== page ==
"Lord Denethor has scarcely contacted us in a number of years. Why has he not sent word for aid if Gondor's plight is so great?" Théoden asked, a thread of temper present in his voice.
Boromir couldn't meet Théoden's eyes as he explained, "Father has become," he paused as he searched for a way to describe Denethor's seeming descent into madness, "erratic, of late. Gandalf believes his mind has been corrupted through his use of a palantír, that Sauron has been poisoning him as sure as Gríma sought to do to yourself. He has always been prideful, but now it has become something more akin to arrogance. He would not ask for your help no matter how dire the threat may become."
"Then we will not wait to be asked," Éomer stated firmly.
Gandalf sighed, "You cannot make a man take help he has not asked for. In any case, our mission relies on secrecy. If the armies of Rohan march into Gondor, Sauron will know that there is something more afoot."
Éomer looked as though he would protest, but Aragorn interjected, "Gandalf is right. Sauron would tighten his defences, making our task nigh impossible. Also, he has spies among all fell races – should he be informed your army is on route he may send his forces at Gondor's defences with enough haste to overwhelm them before you arrive."
"We cannot just remain here! The threat of Sauron is to all free peoples, not just those of Gondor!"
Gandalf raised a hand, "I understand your feelings, Éomer, but the success of this mission is the only true way to escape that threat. Are the beacons still in operation? Once the Ringbearer is within Mordor, I have no doubt that we will have to call for your aid."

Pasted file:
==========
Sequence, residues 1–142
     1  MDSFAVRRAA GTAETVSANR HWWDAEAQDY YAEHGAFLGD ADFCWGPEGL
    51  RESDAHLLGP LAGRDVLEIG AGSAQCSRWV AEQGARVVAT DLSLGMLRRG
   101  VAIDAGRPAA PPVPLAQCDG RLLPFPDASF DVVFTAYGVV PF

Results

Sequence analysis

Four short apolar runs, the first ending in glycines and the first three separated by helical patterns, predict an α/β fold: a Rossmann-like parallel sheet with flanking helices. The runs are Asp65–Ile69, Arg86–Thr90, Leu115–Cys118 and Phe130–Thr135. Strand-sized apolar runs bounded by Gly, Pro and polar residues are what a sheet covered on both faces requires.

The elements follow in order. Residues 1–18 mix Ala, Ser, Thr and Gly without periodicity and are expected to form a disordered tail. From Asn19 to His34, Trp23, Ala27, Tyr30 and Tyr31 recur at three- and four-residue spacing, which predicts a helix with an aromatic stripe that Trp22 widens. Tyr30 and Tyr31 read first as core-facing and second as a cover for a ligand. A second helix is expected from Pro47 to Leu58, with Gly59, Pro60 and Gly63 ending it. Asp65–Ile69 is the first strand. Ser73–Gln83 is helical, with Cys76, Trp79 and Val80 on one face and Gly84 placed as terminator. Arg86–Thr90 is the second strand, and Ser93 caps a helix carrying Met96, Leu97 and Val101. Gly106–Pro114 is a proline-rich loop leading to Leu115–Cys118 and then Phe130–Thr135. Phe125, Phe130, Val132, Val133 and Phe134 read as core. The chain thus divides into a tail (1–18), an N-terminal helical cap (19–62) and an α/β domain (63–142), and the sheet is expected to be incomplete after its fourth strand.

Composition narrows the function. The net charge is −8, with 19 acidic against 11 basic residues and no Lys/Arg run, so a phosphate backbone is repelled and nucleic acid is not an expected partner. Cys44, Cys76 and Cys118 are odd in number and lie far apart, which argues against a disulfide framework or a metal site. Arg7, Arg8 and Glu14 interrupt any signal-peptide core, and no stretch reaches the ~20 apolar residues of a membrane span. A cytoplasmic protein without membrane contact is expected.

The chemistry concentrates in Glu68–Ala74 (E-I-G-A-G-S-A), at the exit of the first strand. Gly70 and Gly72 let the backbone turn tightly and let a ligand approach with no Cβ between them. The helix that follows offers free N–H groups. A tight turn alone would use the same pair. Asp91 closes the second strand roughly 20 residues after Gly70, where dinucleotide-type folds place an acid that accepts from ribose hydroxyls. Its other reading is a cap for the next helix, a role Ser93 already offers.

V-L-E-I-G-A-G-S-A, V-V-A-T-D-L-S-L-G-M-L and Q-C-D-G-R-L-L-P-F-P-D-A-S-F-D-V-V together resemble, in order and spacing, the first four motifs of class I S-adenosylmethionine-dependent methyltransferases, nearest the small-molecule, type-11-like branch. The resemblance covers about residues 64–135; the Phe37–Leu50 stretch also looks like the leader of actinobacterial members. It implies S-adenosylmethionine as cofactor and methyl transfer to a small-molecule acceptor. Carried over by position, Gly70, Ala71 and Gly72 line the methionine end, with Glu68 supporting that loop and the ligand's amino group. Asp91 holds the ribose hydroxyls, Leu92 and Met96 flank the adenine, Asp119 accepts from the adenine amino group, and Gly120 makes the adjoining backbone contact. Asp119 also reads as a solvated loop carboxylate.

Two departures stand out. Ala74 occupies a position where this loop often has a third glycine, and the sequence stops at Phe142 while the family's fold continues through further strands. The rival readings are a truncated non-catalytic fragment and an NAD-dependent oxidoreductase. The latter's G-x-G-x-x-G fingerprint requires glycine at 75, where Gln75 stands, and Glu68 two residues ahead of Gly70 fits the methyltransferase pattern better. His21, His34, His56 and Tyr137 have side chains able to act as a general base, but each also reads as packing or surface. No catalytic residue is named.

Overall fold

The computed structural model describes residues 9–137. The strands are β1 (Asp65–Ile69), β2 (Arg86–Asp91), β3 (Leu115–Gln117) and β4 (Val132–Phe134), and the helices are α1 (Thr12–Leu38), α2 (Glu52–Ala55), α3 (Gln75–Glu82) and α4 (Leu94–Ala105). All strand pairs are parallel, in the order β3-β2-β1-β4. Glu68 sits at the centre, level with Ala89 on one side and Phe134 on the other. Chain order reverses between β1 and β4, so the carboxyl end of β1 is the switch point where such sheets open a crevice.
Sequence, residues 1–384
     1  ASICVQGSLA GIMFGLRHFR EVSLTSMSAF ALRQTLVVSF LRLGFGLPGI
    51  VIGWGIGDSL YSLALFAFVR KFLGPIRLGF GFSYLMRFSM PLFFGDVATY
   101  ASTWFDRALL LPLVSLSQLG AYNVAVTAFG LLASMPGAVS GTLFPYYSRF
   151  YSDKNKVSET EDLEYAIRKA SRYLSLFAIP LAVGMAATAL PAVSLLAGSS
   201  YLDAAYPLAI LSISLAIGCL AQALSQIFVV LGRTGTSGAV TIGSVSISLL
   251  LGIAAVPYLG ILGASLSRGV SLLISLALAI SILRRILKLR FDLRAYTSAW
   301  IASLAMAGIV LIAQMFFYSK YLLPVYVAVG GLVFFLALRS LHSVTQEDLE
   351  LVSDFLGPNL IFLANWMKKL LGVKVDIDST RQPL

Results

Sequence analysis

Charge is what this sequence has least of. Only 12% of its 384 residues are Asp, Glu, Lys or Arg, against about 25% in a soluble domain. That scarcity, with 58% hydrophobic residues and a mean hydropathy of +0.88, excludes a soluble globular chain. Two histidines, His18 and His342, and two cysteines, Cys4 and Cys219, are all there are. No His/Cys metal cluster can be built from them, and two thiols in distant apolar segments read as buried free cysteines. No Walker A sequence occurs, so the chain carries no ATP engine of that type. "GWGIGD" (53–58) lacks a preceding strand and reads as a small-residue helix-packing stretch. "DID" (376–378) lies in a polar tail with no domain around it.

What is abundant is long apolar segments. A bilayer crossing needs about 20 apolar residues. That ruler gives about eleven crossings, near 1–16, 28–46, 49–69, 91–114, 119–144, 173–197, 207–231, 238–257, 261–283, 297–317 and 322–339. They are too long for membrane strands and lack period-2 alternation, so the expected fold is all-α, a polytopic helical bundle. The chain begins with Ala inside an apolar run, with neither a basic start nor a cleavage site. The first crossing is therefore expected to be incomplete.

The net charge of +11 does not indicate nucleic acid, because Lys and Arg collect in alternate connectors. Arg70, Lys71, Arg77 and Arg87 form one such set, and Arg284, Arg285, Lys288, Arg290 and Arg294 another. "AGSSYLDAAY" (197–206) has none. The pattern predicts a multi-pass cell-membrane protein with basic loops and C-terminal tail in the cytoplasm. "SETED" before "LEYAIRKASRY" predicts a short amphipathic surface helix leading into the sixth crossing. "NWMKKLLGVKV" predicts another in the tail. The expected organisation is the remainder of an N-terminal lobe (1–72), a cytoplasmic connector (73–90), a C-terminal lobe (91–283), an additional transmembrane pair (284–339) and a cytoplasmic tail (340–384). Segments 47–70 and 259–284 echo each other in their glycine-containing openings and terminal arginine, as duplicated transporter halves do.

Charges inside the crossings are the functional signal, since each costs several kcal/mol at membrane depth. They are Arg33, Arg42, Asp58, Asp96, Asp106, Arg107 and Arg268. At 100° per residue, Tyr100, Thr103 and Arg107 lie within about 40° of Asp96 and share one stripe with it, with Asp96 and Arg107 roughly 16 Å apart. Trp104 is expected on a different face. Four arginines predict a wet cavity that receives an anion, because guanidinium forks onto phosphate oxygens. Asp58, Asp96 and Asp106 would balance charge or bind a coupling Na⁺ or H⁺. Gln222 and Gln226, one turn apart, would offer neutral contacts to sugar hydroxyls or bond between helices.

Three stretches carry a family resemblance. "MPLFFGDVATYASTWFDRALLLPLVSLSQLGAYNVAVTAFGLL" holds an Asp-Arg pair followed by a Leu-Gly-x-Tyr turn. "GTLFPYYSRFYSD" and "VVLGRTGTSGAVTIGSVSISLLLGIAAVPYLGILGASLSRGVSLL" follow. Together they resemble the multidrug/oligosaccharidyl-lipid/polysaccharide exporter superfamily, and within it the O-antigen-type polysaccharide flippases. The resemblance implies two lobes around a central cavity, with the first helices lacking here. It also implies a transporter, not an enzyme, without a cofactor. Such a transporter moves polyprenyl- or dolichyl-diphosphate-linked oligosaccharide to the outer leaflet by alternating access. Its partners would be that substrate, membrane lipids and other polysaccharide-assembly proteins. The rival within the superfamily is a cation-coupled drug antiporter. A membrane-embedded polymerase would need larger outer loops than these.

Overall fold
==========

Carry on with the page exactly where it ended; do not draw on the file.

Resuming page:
"How do we proceed? Frodo cannot go to Minas Tirith," Aragorn asked, looking over at Frodo who seemed well-rested and content to allow them to discuss his future.
"I can make contact with my brother and his rangers – they are loyal to him first, rather than father – they know of all the most secretive routes through our lands," Boromir suggested.
"That has merit, but we will need to distract your father, Boromir, there is no telling what he can see through his palantír, if indeed he has one. No doubt he concentrates his efforts within Gondor's borders," Gandalf replied.
There was a moment of silence as all present pondered how this could be achieved. Naruto and Sakura turned to Sai – after all, ROOT had kept their presence a secret from an entire village filled with ninjas.
"How adept are you at lying, Boromir?" he asked, after a pause.
Boromir shrugged, "It is not a skill I have often had to call upon. To whom would I be lying?"
"It will be to your father directly. However, you would have to maintain the facade until the Ringbearer is beyond your father's reach," Sai answered, watching Boromir's reaction.
"Go on," urged Gandalf.
"Your father knows, or at least suspects that the Ring was found, correct?"
"Yes, I didn't understand his urging at the time, until I saw the Ring for myself."
"Then he will know to look for you and your companions. I propose that you return to Minas Tirith alone, or perhaps with any members of the company who feel they can lie convincingly. Those who wish to stay with Frodo will linger near the border until contact is made with your brother. We shall refine the tale you will give your father, but I suggest that you tell him there was a quarrel, perhaps over the fate of the Ring, and you have broken from the group."
"What is your reasoning behind this?" Gimli asked, his straightforward nature in evidence.
"Boromir has told us before that he is the favoured son, so his return should draw Denethor's attention fully. He has also told us that his brother is held in less high regard, therefore Denethor will be less concerned with his actions – allowing Frodo a greater chance of passing through Gondor without being accosted."
"Will you be able to keep your father's attention for the time we will need?" Aragorn asked.